Put the shoe on the other foot: how would you feel if your big night out (hot third date, tenth anniversary, Mom's 60th birthday, etc.) were uncomfortably disrupted because some schmuck at the next table thought he'd spare himself some trouble by ditching his mistress in a restaurant and guessed wrong?

                                      Swank's friend is going into this with some forethought, or she's trying to provide some. Having witnessed enough of these scenes in restaurants, I'll say firmly: I didn't volunteer to be anybody's social-shame backstop, and I'll wager those other folks in the dining room aren't interested in the job, either. Since Swank asked, I'm saying, "Please, have him find somewhere else to do it."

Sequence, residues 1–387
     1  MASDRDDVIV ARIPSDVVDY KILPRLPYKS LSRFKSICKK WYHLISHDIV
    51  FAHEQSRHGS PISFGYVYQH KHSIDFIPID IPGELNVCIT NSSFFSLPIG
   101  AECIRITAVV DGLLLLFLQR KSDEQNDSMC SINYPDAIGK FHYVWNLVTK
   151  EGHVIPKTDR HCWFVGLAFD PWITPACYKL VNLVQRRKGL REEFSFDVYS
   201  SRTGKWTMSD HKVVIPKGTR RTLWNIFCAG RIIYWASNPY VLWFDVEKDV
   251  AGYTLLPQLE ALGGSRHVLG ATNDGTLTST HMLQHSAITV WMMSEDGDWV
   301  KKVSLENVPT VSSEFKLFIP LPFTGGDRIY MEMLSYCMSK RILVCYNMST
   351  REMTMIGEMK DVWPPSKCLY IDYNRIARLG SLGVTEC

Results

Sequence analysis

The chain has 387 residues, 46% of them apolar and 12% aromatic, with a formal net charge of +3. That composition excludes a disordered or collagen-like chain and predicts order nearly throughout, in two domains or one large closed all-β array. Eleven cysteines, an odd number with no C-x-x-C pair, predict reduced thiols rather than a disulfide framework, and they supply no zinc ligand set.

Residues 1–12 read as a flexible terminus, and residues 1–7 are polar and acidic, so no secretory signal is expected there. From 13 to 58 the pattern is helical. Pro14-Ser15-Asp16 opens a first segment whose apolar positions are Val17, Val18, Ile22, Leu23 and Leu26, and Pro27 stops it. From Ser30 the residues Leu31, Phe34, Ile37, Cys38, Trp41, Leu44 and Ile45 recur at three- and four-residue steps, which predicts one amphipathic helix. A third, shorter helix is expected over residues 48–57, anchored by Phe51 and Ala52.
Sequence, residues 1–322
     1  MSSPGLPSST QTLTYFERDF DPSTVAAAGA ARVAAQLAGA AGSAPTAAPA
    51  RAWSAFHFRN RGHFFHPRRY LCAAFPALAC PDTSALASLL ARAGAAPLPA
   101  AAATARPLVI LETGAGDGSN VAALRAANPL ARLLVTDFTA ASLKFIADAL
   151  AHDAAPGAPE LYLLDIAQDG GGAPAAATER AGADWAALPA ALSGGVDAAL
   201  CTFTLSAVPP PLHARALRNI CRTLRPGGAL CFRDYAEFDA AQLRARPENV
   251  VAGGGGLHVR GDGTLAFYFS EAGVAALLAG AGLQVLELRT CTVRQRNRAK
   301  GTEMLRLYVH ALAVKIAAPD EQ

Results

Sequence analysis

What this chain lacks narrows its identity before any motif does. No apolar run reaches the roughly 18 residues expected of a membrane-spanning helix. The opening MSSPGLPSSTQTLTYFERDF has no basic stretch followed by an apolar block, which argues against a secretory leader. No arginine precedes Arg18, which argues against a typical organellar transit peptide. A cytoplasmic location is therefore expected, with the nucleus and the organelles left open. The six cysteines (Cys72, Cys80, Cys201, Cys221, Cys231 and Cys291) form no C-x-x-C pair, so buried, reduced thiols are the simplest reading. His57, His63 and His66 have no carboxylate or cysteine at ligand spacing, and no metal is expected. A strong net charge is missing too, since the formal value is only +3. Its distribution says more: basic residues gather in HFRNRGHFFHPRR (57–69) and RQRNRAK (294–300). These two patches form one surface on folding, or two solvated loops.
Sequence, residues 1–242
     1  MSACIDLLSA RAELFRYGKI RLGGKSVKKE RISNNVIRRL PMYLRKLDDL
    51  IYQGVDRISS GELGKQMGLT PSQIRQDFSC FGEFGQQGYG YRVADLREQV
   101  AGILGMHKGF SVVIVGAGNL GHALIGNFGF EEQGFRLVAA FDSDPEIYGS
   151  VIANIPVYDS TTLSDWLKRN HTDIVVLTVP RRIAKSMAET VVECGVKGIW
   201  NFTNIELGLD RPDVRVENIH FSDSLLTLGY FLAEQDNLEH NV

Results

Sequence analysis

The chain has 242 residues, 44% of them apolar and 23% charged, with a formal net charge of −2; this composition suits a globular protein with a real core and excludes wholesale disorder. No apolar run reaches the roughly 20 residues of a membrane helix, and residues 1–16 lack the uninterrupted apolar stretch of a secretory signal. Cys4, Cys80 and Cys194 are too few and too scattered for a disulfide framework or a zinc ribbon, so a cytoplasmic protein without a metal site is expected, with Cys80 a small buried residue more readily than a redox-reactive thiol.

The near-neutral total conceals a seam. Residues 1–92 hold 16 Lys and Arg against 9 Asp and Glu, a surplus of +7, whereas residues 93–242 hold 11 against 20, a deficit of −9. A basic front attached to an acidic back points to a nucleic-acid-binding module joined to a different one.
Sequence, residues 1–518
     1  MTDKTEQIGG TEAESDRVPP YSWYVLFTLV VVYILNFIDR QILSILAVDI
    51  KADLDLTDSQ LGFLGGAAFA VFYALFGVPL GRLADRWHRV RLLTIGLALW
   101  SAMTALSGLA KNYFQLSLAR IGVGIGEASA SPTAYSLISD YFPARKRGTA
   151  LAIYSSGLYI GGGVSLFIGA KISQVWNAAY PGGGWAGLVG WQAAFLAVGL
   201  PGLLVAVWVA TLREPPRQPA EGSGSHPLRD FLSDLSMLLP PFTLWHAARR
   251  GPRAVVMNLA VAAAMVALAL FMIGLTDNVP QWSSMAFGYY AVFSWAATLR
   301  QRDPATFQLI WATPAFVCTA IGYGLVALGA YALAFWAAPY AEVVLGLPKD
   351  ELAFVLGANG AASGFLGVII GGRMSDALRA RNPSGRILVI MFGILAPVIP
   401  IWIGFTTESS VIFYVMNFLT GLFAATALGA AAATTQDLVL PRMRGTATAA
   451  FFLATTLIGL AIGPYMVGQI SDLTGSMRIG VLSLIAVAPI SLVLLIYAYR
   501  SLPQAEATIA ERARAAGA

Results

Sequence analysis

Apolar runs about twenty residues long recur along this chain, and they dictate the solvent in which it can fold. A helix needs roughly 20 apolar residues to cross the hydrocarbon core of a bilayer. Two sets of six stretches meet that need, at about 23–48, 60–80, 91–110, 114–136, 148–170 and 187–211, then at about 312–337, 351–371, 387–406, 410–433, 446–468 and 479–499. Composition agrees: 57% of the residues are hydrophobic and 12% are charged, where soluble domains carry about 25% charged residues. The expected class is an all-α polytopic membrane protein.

2. Dinner at a restaurant is a bad idea - however you break it up, people are going to be all around, and she'll might be feeling pretty bad. And then, what do you do? Is the breakup an app or main course event? Wait for the dessert menu to show up? Course 8 on the Clio tasting menu?

                                I'd recommend just doing it at her place. First, you can leave when its appropriate, second, its a safe environment for her to feel pretty crappy in. Sure, you could pick a bar - but if I was in a bar and had to listen to a couple have a traumatic breakup, I wouldn't enjoy it as a patron. Public messy is not good. If you think she's capable of something that would need nearby "witnesses" to prevent, then you have a bigger problem than a restaurant choice.